> Posted by Jeffrey Riecke, Communications Associate, CFI
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Last week global leaders across industries gathered in the tiny mountain town of Davos, Switzerland for the 2015 World Economic Forum (WEF). (Though you probably already knew that, given the annual event’s ever-swelling stature and press.) The WEF fosters strategic dialogues in the hopes of developing ideas, insights, and partnerships around the most pressing issues and transformations reshaping our world. This year’s WEF included sessions from Jack Ma of Alibaba on the future of commerce, German Chancellor Angela Merkel on global responsibilities in a digital age, IMF Director Christine Lagarde on global monetary policy, former Israeli President Shimon Peres on political affairs affecting the region, and Bill Gates on sustainable future development. Of course we were following the topic of financial inclusion, and the action that got underway made it a week worth noting. Here’s a snapshot of some of the financial inclusion happenings at Davos.
In the “Inclusive Growth in a Digital Age” session held on Wednesday, a panel, which included MasterCard CEO Ajay Banga, considered how our age of digitization can confront income and wealth inequality, support investments in education and work-based training, and address vulnerable employment. Among the points of discussion was mobile phone penetration leveraged for financial services access. A full video recording of the session is available, here.
A session including Queen Maxima of the Netherlands, World Bank President Kim, and India’s Power and Coal Minister Piyush Goyal recognized the ambitious agenda set for in India’s new national financial inclusion strategy, Jan Dhan Yojana. Queen Maxima, who serves as the United Nations Secretary General’s Special Advocate for Inclusive Finance, expressed an interest in studying the scheme, while Minister Goyal offered to send officials to the World Bank to support the strategy’s replication in other areas of the world. The support follows recent attention on India’s inclusion efforts, as it was announced on Tuesday that the government of India was entered into the Guinness Book of World Records for most bank accounts opened in one week: roughly 18 million between August 23 and 29, 2014, as part of Jan Dhan Yojana. Since the financial inclusion strategy launched last August, 11.5 crore (115 million) accounts have been opened, reportedly covering 99 percent of Indian households.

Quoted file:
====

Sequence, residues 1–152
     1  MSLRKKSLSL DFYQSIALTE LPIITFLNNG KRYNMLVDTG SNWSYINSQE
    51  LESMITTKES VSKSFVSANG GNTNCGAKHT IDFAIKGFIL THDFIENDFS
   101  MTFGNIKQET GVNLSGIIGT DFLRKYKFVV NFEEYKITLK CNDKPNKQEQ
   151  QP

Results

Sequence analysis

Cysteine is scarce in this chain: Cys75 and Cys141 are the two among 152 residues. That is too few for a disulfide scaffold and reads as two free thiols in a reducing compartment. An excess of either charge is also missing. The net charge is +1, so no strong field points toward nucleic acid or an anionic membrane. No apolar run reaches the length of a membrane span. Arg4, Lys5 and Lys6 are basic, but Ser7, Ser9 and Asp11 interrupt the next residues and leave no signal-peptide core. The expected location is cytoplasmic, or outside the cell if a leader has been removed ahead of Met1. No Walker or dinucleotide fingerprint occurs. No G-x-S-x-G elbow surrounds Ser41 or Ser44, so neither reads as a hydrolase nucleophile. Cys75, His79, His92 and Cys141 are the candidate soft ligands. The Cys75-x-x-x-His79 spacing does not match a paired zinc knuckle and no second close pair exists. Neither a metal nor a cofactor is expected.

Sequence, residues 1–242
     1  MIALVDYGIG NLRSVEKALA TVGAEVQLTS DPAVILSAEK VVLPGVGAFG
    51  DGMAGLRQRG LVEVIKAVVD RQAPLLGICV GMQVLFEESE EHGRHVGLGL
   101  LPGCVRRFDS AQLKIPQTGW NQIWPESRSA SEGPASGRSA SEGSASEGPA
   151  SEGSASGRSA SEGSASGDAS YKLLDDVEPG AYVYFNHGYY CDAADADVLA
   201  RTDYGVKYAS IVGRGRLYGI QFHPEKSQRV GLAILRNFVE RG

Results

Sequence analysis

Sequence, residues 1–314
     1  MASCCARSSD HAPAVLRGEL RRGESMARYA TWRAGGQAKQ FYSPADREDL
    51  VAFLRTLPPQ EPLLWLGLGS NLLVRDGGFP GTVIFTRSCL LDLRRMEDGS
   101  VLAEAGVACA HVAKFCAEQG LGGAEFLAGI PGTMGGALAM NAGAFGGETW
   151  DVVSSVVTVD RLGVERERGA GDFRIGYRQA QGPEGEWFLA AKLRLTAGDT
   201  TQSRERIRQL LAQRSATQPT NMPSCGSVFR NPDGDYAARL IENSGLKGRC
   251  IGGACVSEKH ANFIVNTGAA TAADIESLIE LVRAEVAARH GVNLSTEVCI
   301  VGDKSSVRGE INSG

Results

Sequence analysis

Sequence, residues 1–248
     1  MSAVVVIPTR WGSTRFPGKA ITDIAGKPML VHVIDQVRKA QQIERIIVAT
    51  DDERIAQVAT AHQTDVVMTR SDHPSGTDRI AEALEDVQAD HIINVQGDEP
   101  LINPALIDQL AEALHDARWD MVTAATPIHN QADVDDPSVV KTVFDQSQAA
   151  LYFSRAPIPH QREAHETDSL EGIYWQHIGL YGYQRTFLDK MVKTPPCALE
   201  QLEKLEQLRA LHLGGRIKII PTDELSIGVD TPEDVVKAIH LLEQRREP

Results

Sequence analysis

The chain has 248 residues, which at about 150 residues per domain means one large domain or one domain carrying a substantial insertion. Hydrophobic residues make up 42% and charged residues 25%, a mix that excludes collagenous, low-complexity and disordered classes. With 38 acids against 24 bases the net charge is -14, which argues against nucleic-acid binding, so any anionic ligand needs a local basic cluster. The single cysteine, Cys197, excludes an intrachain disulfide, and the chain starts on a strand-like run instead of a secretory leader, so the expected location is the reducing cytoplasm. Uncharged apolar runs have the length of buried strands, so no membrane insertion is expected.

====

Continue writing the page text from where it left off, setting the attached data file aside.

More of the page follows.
Gender equality was highlighted at the WEF in several sessions. In a side interview with the Huffington Post, United Nations Foundation CEO Kathy Calvin discussed one issue affecting a range of topics, from financial inclusion to the right to work: proper birth records. Some women in developing countries don’t receive proper documentation when they’re born, making it hard for them to open bank accounts and secure employment, and hard for researchers and census takers to track their progress. It’s important and encouraging that gender parity was a focus at the WEF, but in the future this should extend to WEF participation, too. According to Quartz, only 17 percent of attendees this year were women.
Another side meeting, hosted by the Alliance for Financial Inclusion (AFI) President Alfred Hannig and Visa, introduced the AFI Private-Public Dialogue model to a group of private sector CEOs. The recently launched Private-Public Dialogue platform provides opportunities for dialogue between policymakers, regulators, the private sector, development partners, and other key players in financial inclusion. The exchange is to inform and facilitate coordinated actions to support AFI members in designing and implementing smart policy. Private sector participants for the platform will be selected this year.
A number of new financial inclusion-related initiatives were launched at Davos. A microinsurance consortium and microinsurance venture incubator were announced by a group of global insurance companies and brokers. The companies in the consortium include American International Group, Aspen Insurance Holdings Limited, Hamilton Insurance Group, and Zurich Insurance Group. The incubator aims to launch 10 microinsurance ventures over the next 10 years for underserved clients in developing countries.
On Thursday, MasterCard and the African Development Bank (AfDB) announced a broad collaboration to develop solutions for expanding access and usage of digital financial services across the continent. The two organizations will work with African governments and local private companies to design and deliver affordable services for unbanked populations. The collaboration seeks to invest in a selected set of innovative financial services companies and solutions targeting inclusion barriers, build cohesive African financial systems at the country level, and share knowledge across stakeholder groups to support financial inclusion thought leadership.
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